The Palestinian Authority is making waves at the United Nations over its status, wanting a vote by year-end. If this sentence sounds familiar, it’s because this is the second year in a row that Palestine has made a push for statehood at the U.N. around the start of a new General Assembly session. The difference: this year, the P.A. has opted to bypass the U.N. Security Council entirely, taking its claim to the General Assembly’s 193 Member States.
In last year’s push, President Mahmoud Abbas insisted on pushing for full membership in the U.N. as an upgrade of its current “observer entity” status. This process requires approval by both the General Assembly and a vote in the Security Council. While the failure of the initiative is often accredited to the United States’ veto threat, the issue failed to lock-in the requisite nine ‘yes’ votes from Council members for a resolution to pass. The USA never had to cast its veto.
In any case, the issue fizzled in the aftermath of Palestinian ascendance into UNESCO, resulting in an unfortunate severance of funding from the United States to the body.
This year’s plan skirts the Security Council hurdle by instead asking for “observer state” status. Achieving this status, the same as that held by the Vatican, could be achieved by only a simple majority of the General Assembly. David Bosco, Associate Professor at American University, said of Palestine’s odds, “If the issue of Palestine’s status does come to a vote, the Palestinians are almost assured of victory, so the question will be whether its effort can be prevented or channeled in some other direction. My sense is that having once gone to the brink of seeking a vote that the Palestinians will be hard to dissuade this time.”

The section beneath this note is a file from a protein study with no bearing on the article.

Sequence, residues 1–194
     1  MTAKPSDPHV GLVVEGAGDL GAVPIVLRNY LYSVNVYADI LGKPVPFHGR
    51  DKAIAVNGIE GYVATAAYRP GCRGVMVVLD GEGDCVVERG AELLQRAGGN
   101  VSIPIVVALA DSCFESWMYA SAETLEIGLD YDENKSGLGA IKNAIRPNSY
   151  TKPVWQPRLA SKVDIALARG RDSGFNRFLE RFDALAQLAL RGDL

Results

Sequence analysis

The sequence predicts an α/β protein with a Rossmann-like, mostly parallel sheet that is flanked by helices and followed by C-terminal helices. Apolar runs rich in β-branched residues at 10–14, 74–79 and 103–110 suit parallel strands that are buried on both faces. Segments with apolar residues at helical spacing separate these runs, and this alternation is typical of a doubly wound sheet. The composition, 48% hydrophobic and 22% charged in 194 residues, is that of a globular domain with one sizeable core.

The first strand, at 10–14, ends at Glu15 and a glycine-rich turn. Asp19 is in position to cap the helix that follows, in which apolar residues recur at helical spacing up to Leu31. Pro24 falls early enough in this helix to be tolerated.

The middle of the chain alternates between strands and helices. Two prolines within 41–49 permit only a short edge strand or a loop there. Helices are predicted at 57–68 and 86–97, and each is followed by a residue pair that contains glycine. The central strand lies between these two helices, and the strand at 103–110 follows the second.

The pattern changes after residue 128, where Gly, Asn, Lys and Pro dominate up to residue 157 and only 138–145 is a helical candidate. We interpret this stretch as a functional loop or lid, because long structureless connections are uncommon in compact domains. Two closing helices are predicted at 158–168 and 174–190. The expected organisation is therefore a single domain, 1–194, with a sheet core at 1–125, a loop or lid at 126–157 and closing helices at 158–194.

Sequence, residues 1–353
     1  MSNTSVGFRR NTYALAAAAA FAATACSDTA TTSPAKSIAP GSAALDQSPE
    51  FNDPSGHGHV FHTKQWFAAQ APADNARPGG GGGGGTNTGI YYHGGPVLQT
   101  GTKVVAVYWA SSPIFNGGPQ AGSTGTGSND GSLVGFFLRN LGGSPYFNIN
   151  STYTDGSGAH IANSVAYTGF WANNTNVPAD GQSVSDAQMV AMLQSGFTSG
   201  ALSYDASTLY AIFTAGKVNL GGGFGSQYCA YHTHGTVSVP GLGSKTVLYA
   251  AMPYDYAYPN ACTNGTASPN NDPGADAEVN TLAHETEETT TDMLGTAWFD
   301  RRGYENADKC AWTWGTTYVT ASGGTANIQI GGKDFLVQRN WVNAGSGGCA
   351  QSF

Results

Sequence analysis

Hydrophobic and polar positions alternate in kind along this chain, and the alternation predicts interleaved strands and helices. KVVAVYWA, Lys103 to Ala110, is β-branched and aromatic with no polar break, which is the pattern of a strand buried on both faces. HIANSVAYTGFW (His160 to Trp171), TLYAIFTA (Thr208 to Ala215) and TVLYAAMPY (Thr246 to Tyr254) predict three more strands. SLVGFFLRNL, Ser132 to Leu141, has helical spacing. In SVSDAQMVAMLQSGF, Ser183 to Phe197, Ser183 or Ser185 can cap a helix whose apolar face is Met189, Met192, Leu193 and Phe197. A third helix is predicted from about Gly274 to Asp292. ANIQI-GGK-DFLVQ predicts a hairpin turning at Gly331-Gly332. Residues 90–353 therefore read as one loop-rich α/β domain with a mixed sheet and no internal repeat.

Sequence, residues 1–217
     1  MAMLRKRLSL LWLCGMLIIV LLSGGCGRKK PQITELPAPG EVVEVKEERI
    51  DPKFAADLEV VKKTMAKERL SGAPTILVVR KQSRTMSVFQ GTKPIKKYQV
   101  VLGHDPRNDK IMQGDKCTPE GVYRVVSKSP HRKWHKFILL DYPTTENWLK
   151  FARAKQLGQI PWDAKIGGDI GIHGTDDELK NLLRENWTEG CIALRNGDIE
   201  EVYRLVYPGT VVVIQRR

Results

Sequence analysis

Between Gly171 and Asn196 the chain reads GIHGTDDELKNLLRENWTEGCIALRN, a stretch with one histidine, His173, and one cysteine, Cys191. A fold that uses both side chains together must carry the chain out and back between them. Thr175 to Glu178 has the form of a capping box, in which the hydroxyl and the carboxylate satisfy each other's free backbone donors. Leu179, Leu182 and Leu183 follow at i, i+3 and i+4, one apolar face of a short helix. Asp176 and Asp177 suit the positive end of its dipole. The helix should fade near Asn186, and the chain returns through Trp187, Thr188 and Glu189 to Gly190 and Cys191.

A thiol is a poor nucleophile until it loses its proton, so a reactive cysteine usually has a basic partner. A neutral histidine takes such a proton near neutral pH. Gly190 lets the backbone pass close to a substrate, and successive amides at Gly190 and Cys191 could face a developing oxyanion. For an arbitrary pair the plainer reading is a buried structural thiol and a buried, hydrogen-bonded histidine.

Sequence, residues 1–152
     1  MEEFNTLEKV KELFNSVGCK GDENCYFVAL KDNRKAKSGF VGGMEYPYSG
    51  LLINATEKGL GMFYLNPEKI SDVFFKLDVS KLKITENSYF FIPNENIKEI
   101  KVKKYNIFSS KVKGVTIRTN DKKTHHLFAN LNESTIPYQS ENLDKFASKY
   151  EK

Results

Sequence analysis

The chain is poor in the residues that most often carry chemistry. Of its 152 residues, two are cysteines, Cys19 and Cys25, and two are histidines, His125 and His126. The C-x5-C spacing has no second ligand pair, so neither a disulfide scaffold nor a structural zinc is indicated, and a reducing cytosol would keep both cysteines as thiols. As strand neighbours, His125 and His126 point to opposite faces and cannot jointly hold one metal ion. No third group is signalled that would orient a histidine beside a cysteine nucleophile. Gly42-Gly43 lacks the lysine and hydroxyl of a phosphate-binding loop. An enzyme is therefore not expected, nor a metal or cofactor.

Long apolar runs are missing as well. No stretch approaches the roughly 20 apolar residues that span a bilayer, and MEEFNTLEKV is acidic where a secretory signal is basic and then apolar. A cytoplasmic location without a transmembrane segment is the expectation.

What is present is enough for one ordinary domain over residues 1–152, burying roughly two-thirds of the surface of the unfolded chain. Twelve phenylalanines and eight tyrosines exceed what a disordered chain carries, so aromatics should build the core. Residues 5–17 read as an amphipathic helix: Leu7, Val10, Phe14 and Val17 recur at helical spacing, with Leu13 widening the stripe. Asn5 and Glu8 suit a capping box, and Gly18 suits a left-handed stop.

The primary effect of an upgrade will be, in theory, increased access for Palestinian membership in a slew of international organizations. This potentially means membership to the International Criminal Court. Appeals to investigate possible war crimes by Israel were rejected due Palestine’s lack of standing in the eyes of the Court. An upgraded U.N. membership might allow Palestine to petition the court to investigate alleged Israeli war crimes in Palestine, though this is far from certain.
This all places the United States in a bind should Palestine prove unwilling to halt its efforts. The same 1994 law that forced the U.S. to cut funding to UNESCO provides that the United States would have to end its payments to any body that grants Palestine the “same standing as Member States”. ’Observer state status’ may provide some wiggle room, but the result could still be harmful should the US be forced to pull its funding. As noted before, the United States relies on many of the organizations that Palestine would be eligible to join for its own security and economic well-being.
Expect this drama to play out in New York over the next few days and weeks.